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All we have to decide is what to do with the time that is given us.

- JRR Tolkien

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Athletes & Explorers

Aug 17, 2018

Erika Lemay Partners with The Outdoor Journal

"Every show is literally a life defying moment – and she makes it look easy" - Sky Dancer, Erika Lemay officially becomes a brand ambassador for The Outdoor Journal & Voyage

WRITTEN BY

The Outdoor Journal

This partnership will result in Erika working with The Outdoor Journal, its partners, contributors and ambassadors to create a truly unique strand of content. Focusing on the body, and how, with hard work and understanding, anything is possible within the many adventure sports that we cover around the world.

“the importance of applying this knowledge could be invaluable”

Speaking of the partnership, Sean Verity, Director of Content Strategy said: The experience and knowledge that Erika has, both with regards to understanding your body and its capabilities is fascinating. However, its also very interesting to think about how this expertise can lend itself to various disciplines. Climbing is an obvious example, and the importance of applying this knowledge could be invaluable, possibly the difference between life and death to amateur and professional athletes alike.

Outdoor Journal Editor-in-Chief and Founder, Apoorva Prasad said “having known Erika for some time, I’m always fascinated by how her hectic travel lifestyle translates into wellbeing, fitness, health and also outdoor adventure, which are all values that we promote. She is an incredible example of how someone can achieve great things while being true to themselves, and it is an honor to have her join us.”

Erika Lemay

Canada born Erika Lemay has become a beautifully disruptive icon in the world of live performance, using her body in ways that defy both gravity and human possibilities. Her journey has taken her from her first ballet class at the age of four, to worldwide success and accolades. Erika is recognised as a world-class artist, although her lifestyle is one of an Olympic athlete, with strenuous hours of daily training and performances across all five continents with no off-season.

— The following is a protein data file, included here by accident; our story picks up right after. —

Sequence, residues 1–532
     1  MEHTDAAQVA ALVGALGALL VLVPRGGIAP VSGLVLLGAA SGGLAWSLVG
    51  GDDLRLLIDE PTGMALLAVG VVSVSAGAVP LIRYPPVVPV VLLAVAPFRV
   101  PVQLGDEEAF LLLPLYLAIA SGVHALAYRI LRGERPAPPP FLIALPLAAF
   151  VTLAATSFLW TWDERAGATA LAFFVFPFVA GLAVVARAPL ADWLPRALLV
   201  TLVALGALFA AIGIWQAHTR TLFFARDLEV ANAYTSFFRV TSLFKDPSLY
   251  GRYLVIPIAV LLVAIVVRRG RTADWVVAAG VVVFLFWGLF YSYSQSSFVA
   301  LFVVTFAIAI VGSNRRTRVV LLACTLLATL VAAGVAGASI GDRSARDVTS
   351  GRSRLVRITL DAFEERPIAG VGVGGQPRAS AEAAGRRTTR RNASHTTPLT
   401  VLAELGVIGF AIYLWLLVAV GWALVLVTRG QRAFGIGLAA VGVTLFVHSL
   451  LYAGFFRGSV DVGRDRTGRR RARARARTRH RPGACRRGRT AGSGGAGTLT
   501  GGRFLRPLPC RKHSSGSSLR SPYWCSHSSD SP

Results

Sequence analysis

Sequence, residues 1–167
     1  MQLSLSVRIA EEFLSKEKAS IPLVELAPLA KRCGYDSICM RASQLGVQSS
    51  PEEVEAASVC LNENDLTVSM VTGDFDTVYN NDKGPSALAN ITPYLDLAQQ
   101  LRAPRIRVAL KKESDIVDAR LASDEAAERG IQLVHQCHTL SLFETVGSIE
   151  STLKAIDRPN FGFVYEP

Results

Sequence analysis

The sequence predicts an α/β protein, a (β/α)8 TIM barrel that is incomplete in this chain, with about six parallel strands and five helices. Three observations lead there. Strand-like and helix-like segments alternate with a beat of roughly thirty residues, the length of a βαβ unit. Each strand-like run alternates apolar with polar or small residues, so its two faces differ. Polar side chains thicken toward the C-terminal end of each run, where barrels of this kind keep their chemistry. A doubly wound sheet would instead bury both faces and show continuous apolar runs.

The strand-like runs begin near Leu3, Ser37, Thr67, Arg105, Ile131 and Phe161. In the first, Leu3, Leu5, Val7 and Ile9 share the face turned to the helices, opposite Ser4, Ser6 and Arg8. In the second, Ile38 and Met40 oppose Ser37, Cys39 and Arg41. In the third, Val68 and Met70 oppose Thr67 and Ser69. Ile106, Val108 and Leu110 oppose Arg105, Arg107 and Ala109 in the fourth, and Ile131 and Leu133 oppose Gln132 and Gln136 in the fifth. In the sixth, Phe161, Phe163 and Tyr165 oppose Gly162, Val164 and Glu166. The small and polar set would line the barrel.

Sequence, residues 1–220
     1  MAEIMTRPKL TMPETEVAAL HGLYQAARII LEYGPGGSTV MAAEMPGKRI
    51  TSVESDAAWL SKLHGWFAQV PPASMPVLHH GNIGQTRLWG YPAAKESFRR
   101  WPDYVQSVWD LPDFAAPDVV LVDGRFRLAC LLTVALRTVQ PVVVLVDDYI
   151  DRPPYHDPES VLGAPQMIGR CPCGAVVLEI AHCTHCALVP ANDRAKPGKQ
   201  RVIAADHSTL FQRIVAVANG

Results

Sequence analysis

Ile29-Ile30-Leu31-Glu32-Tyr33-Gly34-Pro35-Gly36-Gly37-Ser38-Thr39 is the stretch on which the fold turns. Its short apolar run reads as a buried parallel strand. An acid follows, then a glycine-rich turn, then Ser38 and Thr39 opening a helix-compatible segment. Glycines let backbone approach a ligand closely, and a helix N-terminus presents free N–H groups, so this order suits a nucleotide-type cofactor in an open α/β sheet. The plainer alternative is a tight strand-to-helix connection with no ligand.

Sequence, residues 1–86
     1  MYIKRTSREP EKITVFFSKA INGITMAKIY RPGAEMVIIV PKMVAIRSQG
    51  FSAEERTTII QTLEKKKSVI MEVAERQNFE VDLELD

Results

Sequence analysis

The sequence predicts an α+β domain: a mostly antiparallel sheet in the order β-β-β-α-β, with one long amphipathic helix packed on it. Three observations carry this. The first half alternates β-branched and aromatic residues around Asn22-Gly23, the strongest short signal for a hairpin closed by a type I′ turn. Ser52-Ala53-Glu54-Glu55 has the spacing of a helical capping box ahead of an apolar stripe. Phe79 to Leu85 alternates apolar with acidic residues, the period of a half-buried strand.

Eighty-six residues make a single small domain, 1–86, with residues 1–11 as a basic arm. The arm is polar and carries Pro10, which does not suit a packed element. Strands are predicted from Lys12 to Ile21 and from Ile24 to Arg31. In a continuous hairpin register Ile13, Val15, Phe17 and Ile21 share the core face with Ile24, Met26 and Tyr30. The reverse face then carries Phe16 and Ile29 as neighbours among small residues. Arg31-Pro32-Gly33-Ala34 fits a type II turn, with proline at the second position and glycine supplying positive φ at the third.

Erika is living proof that work ethic and daily discipline, can give one the freedom to live an extraordinary life.

“Poetry doesn’t have to be expressed with words”

As the creator of Physical Poetry, Erika claims that: “Poetry doesn’t have to be expressed with words”. She is also a highly-coveted brand ambassador, public speaker and cause activist. She has performed extensively as a soloist guest star with Cirque du Soleil and is an Arts Ambassador with the non-profit Pensare Oltre. Vanity Fair even nominated Erika as the New Queen of Circus in an interview featuring exclusive pictures by legendary photographer and Hollywood icon-maker Douglas Kirkland, who’s latest book ‘Physical Poetry Alphabet’ is a tribute to Erika’s work.

ERIKA LEMAY

In 2012, in the midst of a brilliant career and with awards from some of the most important competitions in her field, Erika embarked on a new challenge: a complete One-Woman Show, designed to create a true connection with the audience, pushing her boundaries through this 75 minute acrobatic performance.

A previous example of Erika’s writing can be found here: How to Use Your Body: Learn from world renowned artist Erika Lemay

The Outdoor Journal & Voyage is a global adventure lifestyle media and travel startup that aims to inspire and enable audiences around the world.

For more on this exciting development and everything coming up at The Outdoor Journal & Outdoor Voyage, visit their websites: www.outdoorjournal.com
Facebook: The Outdoor Journal
Instagram: @theoutdoorjournal
Twitter: @Outdoor_Journal

Fly with Erika Lemay and follow her around the world on:
Instagram: erika.lemay
Website: www.erikalemay.com
Facebook: ErikaLemayOfficial
Vimeo: https://vimeo.com/erikalemay
linkedIn: https://www.linkedin.com/in/erikalemay/

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Athletes & Explorers

Feb 15, 2019

Flow State: The Reason Why Alex Honnold and Steph Davis are not Adrenaline Junkies.